January 12, 2016
Room for Improvement
Governor McAuliffe’s budget proposal saves substantial money by closing the coverage gap, only to direct much of it to misguided tax cuts for large corporations and higher-income Virginians that won’t help the state economy.
A better idea is to spend the savings from closing the coverage gap in ways that promote the prosperity of all Virginians – not just a few.
Under the governor’s proposal, the largest portion of the $157 million net savings from closing the coverage gap – $64 million – would be used to lower the corporate income tax rate to 5.75 percent from 6 percent.
The theory that lowering the tax rate will encourage businesses to relocate to and expand in Virginia runs squarely up against evidence showing this won’t work as well as promised.
According to a 2010 report by JLARC, tax rates ranked low among factors that influence business relocation and expansion. Having the right workers and infrastructure, which require investments in schools and transportation, dominated the rankings. More money for tax cuts means less for teachers and trains.
What’s more, two-thirds of corporations don’t pay income taxes in Virginia. And 85 percent of the revenue generated from the corporate income tax comes from the tiny fraction of corporations that report Virginia profits in excess of $2 million.
Simply put, this tax cut does nothing to help small homegrown businesses and working families.
The second largest use of the savings, $42 million, would be spent to increase the personal/dependent exemption to $1,000 from $930 and aged/blind exemption to $900 from $800.
On the surface this sounds like a windfall for all Virginians – everybody gets a tax cut. But in reality the impact is negligible and limited to people with higher incomes.
Virginia households with an average annual income of $59,000 would save an average of just $6.45 per year – less than the price of a movie ticket. And households making roughly $14,000 a year would save an average of only $1.32 per year per household. That’s barely enough to buy the local newspaper. In fact, less than a third of people making $24,000 or less would get any benefit from the enhanced exemptions. That’s in large part because in Virginia individual filers who make less than $11,950 and couples who make less than $23,900 don’t even have to file taxes because they make so little.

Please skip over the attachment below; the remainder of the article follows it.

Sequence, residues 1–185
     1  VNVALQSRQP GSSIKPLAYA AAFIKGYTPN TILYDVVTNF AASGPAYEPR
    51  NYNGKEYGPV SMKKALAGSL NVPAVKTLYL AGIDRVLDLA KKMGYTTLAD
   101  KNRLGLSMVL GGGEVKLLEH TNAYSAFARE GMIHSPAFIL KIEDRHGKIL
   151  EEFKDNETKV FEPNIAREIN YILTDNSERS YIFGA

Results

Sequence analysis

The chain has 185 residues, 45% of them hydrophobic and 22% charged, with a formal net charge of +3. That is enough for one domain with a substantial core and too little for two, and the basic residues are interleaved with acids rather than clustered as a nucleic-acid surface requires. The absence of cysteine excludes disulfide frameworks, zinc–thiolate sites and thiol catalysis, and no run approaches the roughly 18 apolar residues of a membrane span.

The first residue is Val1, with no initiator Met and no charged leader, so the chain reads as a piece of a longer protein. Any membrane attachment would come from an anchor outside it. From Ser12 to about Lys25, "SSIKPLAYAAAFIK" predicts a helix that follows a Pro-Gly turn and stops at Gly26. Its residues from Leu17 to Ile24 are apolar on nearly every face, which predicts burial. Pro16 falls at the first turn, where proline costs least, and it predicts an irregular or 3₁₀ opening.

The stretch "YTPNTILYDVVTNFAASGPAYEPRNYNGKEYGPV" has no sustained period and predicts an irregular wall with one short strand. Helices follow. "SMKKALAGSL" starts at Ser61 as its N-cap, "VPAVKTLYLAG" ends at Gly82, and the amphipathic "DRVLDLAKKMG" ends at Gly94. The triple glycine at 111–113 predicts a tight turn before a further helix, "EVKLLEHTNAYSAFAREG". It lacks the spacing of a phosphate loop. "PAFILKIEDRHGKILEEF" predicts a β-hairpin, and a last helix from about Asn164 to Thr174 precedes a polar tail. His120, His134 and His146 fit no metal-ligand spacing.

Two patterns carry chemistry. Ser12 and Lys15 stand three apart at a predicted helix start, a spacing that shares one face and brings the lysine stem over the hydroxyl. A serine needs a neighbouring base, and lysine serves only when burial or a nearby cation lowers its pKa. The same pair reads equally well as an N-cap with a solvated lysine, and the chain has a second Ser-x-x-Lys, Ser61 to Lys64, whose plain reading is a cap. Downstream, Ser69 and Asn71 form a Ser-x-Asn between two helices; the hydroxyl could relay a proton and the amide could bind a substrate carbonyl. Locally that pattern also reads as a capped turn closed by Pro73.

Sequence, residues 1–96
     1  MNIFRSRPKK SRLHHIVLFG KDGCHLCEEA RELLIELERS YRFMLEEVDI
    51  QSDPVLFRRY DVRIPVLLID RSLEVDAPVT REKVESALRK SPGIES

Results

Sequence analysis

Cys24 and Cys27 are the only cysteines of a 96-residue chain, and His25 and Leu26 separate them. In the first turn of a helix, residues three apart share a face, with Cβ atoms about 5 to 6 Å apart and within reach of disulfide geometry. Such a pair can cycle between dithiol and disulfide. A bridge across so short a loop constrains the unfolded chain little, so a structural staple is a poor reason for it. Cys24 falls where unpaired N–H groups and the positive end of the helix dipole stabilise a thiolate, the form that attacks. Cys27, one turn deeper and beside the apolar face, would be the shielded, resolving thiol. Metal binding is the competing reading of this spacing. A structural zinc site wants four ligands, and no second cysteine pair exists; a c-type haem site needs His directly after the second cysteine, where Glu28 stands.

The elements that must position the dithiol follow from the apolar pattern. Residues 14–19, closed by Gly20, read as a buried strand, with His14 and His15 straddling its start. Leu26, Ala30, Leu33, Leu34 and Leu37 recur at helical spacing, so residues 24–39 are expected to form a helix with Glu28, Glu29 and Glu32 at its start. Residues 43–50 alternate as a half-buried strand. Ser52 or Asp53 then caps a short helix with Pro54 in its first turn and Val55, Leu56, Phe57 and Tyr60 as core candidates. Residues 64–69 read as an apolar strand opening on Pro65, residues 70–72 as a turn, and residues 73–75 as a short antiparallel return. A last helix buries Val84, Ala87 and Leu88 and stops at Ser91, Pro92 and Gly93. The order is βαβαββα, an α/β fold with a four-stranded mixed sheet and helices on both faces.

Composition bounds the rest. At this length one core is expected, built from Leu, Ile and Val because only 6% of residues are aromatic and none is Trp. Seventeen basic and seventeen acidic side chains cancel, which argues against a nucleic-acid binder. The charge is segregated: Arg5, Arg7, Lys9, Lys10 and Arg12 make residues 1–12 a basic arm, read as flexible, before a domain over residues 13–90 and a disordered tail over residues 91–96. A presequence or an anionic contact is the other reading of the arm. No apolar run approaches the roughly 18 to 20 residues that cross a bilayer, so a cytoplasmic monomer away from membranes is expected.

Meanwhile, at the top end, households making $1.67 million would save an average of $14.32 per household per year, 10 times what low-income people get, but still barely enough for a 15-pack of golf balls.
Strengthening Virginia’s earned income tax credit is a much better way to help small businesses and hard-working Virginians.
The EITC increases take-home pay, boosts the economy, and encourages work. And it’s targeted, meaning the investment gets to working people who need it the most and where it can do the most overall good. But the EITC could do more to bridge the gap between hard work and low wages if people who make so little they owe no state income tax could get the credit too. For example, a single parent earning the minimum wage with two kids would get back more than $200 each year. That’s clothes and school supplies, a utility bill, or groceries for a month.
And since Virginia’s economy falters when families can’t make ends meet, putting this money in the pockets of those struggling to meet essential household expenses boosts the economy. Furthermore, the EITC encourages work since a family has to earn income to get the credit, and the amount increases, up to a point, as more income is earned.
Closing the coverage gap is a common sense way to help up to 400,000 Virginians get quality, affordable health care while saving money. But it’s not enough to stop there. The savings need to be spent in ways that promote prosperity in the commonwealth.
–Aaron Williams, Research Assistant